On July 7, SpaceX reused another Falcon 9 rocket a 13th time during a Starlink mission. It is the second time the company achieves that record-breaking reusability record. Reusing a first-stage rocket booster significantly reduces the cost of spaceflight and enables more frequent launches. The previously-flown Falcon 9 lifted off at 9:11 a.m. ET, carrying 53 Starlink satellites to orbit from Space Launch Complex 40 (SLC-40) at Cape Canaveral Space Force Station in Florida. It marked SpaceX’s 50th Starlink mission since 2019.
Liftoff! pic.twitter.com/x5Lo6JrDmq— SpaceX (@SpaceX) July 7, 2022
The first-stage booster that supported this mission is identified as B1058-13; It previously launched SpaceX's first crewed mission (Demo-2) to the International Space Station (ISS) in 2020, the South Korean ANASIS-II satellite, NASA's 21st resupply mission to the ISS (CRS-21), SpaceX's first Transporter-1 rideshare mission, Transporter-3, and now eight Starlink missions. Soon after launching the upper-stage with the 53 Starlink satellites to orbit on Thursday, the booster landed on the 'Just Read the Instructions' droneship for a 13th recovery. It marked the company's 128th landing of an orbital-class rocket and the 100th mission with a previously-flown booster.
The 53 Starlink satellites were released to orbit approximately half-an-hour after liftoff boosting the total number of Starlink satellites launched to 2,759. This satellite cluster are part of the Starlink Group 4-21, which is the 19th fleet of satellites deployed into orbital Shell 4 that consists of arranging a total of 1,584 satellites into 72 orbital planes with 22 satellites in each plane operating at an equatorial inclination of 53.2° degrees and altitude of 540-kilometers (km). So far, SpaceX has launched 19 missions into Shell 4, around 35 launches will be required to complete the orbital shell (see orbital parameter data in the table below). SpaceX already provides internet access to over 500,000 subscribers living across 36 countries. The company recently received approval to operate Starlink aboard moving vehicles, including sea-going vessels, airplanes, trucks, and RVs. Read more in the previous TESMANIAN article, linked below.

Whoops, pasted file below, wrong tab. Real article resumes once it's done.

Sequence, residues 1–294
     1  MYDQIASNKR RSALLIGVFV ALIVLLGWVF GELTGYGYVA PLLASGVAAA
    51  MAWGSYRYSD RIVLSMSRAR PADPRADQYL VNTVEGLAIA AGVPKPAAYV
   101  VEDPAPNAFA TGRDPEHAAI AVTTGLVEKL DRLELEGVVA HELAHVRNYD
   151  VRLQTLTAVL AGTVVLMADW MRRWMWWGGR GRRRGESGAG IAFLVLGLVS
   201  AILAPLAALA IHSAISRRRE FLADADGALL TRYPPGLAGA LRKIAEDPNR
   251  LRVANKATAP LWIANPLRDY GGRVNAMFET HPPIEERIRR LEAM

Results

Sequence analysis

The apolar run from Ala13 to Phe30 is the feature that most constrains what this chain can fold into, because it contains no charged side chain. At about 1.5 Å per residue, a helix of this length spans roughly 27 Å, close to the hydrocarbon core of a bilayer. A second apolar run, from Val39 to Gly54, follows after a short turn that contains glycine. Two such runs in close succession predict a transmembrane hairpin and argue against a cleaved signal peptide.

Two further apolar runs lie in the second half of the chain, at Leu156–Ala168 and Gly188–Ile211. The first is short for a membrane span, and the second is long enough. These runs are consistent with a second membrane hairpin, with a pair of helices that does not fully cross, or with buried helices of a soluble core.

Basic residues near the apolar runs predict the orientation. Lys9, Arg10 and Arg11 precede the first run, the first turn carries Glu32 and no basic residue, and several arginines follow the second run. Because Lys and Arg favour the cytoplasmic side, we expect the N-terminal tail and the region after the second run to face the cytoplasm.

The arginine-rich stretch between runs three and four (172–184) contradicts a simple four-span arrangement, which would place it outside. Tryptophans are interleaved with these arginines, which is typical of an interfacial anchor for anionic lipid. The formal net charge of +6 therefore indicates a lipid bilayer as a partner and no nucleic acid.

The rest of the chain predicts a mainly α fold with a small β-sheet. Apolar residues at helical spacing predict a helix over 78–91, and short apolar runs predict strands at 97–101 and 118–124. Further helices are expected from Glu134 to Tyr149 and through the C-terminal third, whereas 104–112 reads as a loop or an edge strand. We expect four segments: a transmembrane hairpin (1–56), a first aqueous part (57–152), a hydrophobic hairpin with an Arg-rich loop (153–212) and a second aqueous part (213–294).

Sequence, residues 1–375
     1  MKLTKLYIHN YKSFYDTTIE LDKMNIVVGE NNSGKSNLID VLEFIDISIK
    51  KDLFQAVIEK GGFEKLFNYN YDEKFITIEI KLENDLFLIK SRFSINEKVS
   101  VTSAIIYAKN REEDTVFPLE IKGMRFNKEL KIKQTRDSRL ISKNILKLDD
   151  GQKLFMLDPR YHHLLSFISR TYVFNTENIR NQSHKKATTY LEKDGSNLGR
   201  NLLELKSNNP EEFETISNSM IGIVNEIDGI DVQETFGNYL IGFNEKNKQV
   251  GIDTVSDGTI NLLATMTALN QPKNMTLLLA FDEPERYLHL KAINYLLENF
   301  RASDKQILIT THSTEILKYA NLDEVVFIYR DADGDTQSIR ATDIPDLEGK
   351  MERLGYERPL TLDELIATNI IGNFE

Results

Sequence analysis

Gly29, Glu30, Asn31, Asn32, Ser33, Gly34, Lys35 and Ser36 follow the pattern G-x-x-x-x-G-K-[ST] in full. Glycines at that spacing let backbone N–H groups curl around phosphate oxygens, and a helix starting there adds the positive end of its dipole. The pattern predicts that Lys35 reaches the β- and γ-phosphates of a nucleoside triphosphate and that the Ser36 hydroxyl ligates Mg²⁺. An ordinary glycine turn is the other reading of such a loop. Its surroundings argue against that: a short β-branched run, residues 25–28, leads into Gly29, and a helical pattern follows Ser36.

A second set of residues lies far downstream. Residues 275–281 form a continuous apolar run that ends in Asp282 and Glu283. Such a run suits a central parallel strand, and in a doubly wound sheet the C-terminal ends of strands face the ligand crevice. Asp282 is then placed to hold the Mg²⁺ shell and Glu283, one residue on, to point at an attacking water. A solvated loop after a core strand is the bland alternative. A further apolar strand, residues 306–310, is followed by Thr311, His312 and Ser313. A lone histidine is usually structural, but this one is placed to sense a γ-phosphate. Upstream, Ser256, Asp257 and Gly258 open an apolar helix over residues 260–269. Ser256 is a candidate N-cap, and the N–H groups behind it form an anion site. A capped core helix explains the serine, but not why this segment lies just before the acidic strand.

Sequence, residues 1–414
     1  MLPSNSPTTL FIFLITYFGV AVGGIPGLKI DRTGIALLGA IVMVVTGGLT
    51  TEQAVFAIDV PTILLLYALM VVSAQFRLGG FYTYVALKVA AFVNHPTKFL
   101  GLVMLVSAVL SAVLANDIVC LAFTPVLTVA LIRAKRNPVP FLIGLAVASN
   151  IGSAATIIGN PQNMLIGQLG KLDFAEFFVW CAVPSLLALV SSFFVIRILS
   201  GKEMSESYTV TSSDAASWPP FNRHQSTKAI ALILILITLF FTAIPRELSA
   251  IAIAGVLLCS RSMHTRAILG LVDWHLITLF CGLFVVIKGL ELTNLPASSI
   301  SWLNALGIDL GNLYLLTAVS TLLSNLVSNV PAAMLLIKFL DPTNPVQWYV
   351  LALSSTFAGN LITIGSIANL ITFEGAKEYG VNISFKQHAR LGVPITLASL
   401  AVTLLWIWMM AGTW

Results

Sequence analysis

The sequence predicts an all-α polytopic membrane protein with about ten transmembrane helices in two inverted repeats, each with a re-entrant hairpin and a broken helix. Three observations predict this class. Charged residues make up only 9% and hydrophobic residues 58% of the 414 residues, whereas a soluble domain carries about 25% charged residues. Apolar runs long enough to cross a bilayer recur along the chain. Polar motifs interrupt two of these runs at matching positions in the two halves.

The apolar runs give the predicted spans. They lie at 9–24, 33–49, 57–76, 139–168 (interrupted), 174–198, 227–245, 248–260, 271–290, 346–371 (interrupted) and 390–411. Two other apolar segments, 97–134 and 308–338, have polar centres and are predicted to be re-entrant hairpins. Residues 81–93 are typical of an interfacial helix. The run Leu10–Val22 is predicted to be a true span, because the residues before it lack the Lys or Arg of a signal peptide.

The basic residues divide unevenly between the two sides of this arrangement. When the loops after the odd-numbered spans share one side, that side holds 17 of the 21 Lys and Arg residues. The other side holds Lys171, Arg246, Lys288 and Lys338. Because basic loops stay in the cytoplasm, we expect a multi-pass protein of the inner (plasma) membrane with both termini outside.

Featured Image Source: SpaceX
About the Author
Evelyn Janeidy Arevalo
Evelyn J. Arevalo joined Tesmanian in 2019 to cover news as a Space Journalist and SpaceX Starbase Texas Correspondent. Evelyn is specialized in rocketry and space exploration. The main topics she covers are SpaceX and NASA.